by Rob Urbinati
Full Length Play, Drama / 2m, 2f
"Mama’s Boyis a gripping family drama that illuminates history by adding a touch of humanity." - Portland Press Herald
"Like the best historical drama, Rob Urbinati’s Mama’s Boy does not get bogged down in the facts of history, but rather finds in the past that which is human and timeless. The result is a moving and compassionate portrait of lives regularly flattened out and simplified by history’s narrative." - New Jersey Star Ledger
"Mama’s Boy is a major new work that deserves a wider national, even international audience. Urbinati’s is a dramatic voice that speaks with the fire and eloquence of some of America’s great masters – reminiscent of Tennessee Williams, Arthur Miller, Eugene O’Neill – and yet resonates with an originality all its own. Though the play is rooted in history and evokes indelible memories in the communal consciousness, it is less about the tragic events of 1963 and more about the personal relationships of four damaged individuals desperately seeking some connection and meaning." - Broadway World
"Mama's Boy achieves its goal— to be both a provocative study in familial disharmony and a startling consideration of domestic events behind a national tragedy." - Curtain Up
"There’s nothing like a mother’s love, and this startling and brilliant telling from her point of view is full of love, even as it chills the blood." - QonStage
- Strong Language
- Mild Adult Themes
- Minimum Fee: $75 per performance
- Time Period: 1960s, 1950s
- Duration: 120 minutes (2 hours)
- Setting: Several locations in Fort Worth, TX, Dallas TX, and New York City from 1959 - 1964.
- Features / Contains: Period Costumes
MARGUERITE OSWALD - Mid-fifties, but looks older. She’s as gracious and loving as a grandmother, but also imperious, meddling and defensive. She demands attention, and must be “in charge.” She’s lonely, and craves family, but her behavior makes that difficult. She speaks with a New Orleans lilt. She wears cat eye glasses.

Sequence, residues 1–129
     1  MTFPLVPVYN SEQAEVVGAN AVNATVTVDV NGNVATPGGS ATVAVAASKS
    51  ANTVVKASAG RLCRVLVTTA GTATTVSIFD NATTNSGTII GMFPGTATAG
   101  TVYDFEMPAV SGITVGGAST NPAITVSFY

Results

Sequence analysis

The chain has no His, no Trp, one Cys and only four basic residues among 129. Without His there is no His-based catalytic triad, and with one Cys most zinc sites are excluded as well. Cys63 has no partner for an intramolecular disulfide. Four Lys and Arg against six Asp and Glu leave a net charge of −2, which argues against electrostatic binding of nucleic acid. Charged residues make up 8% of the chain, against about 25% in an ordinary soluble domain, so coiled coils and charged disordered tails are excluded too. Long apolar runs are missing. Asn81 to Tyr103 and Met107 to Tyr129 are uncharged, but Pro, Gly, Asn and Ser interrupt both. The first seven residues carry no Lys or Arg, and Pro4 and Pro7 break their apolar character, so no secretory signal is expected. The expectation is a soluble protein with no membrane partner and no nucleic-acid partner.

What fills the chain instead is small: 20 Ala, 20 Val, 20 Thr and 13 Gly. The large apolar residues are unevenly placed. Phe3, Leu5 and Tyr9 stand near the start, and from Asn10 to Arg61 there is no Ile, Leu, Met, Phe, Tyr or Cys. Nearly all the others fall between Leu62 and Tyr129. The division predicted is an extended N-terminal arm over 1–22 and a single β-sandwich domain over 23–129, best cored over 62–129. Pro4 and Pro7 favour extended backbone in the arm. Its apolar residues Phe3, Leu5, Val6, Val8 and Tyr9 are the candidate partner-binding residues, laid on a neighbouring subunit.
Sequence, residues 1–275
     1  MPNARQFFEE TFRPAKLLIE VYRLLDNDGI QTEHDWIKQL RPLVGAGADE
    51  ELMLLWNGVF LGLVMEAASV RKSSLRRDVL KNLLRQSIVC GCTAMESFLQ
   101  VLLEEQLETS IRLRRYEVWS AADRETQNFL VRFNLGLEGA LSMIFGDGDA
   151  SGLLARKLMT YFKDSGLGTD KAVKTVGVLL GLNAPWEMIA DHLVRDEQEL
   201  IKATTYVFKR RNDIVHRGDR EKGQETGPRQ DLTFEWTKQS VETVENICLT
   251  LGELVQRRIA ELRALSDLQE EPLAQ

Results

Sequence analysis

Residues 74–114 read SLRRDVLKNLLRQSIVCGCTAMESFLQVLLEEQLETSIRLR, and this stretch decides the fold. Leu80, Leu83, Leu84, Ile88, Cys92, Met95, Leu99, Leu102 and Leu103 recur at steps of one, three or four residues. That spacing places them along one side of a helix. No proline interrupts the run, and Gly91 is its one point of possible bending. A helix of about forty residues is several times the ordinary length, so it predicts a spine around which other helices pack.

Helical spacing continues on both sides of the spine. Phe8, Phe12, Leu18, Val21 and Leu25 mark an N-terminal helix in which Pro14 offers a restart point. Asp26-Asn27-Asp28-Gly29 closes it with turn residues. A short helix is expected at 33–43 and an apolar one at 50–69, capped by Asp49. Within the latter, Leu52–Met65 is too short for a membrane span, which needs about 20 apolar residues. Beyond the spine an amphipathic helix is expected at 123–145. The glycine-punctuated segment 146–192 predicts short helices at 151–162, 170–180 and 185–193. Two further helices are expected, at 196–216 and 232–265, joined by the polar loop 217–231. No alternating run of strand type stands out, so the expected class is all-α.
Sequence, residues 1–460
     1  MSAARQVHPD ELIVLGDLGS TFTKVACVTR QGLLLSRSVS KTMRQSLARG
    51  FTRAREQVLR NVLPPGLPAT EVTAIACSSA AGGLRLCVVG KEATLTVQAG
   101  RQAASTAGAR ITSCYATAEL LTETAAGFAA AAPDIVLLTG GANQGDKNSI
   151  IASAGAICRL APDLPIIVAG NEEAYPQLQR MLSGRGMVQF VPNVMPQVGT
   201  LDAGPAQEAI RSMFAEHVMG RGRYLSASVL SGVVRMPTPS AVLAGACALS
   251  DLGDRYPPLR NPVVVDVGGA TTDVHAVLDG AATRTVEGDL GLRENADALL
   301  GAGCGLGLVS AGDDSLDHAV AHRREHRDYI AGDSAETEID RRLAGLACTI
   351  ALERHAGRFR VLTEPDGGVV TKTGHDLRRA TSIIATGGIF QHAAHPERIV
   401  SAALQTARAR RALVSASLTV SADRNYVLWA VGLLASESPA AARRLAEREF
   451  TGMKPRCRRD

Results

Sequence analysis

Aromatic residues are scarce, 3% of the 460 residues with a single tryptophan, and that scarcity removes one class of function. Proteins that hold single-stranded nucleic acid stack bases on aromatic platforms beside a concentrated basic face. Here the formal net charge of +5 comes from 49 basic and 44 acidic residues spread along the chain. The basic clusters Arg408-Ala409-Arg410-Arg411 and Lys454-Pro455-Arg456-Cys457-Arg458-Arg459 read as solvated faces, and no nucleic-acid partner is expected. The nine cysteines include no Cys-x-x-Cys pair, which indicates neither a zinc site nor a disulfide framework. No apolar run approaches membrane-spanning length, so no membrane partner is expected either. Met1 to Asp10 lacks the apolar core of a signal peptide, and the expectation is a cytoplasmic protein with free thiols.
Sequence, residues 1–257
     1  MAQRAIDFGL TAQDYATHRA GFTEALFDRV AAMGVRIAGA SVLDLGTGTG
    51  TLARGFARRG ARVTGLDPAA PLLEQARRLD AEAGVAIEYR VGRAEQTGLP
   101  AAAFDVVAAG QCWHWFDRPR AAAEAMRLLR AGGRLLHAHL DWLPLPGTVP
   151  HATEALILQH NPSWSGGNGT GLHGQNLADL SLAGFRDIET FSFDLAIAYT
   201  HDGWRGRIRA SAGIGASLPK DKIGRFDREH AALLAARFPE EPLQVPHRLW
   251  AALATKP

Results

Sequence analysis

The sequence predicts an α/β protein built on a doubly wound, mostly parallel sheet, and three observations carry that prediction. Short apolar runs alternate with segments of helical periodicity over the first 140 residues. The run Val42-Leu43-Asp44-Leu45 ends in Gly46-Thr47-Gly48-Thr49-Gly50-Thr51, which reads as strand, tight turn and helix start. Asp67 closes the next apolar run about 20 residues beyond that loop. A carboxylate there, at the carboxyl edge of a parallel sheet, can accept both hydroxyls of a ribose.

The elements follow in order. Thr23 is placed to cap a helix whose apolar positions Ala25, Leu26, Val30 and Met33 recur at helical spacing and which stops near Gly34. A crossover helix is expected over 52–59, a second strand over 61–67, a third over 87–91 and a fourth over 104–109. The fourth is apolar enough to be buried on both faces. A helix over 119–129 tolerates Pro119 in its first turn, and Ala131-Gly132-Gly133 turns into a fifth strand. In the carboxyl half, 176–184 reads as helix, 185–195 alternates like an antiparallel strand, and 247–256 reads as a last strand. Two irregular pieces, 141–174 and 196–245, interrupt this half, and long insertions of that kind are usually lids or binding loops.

MARINA OSWALD - Early twenties. A stranger in a strange land, her personality and confidence emerge gradually. She’s learned to rely on others to get what she wants, and craves material things. She can be fiery and opinionated, and her relationship with Lee is passionate and volatile. She speaks with a heavy Russian accent, which gradually softens.
ROBERT OSWALD - Mid twenties. A Southern gentleman. He’s reticent, a hard worker, conservative and fair-minded. Long ago, he grew weary of his mother’s antics, and when the play begins, he can barely tolerate her, although as a Southern gentleman, he treats her kindly – as often as possible. Although he’s grown apart from Lee, he still has tender, kid brother feelings for him, and is protective of Marina. He speaks with a slight southern drawl.
LEE HARVEY OSWALD - Early twenties. Not traditionally handsome like Robert. Lee is close to his mother, and shares many traits with her. He remains polite, even when she tests his patience. Lee is fond of his brother, but questions his values. He adores Marina, and wants to control the relationship, but Marina isn’t easily controlled. Lee is capable of rage, tenderness and vulnerability. He’s intelligent and secretive. He speaks with a slight southern accent.
Mama's Boy premiered at the Good Theater in Portland, ME in October 2015 under the direction of Brian P. Allen.
Mama’s Boy was subsequently produced at the George Street Playhouse in New Brunswick, NJ in November, 2016 under the direction of David Saint.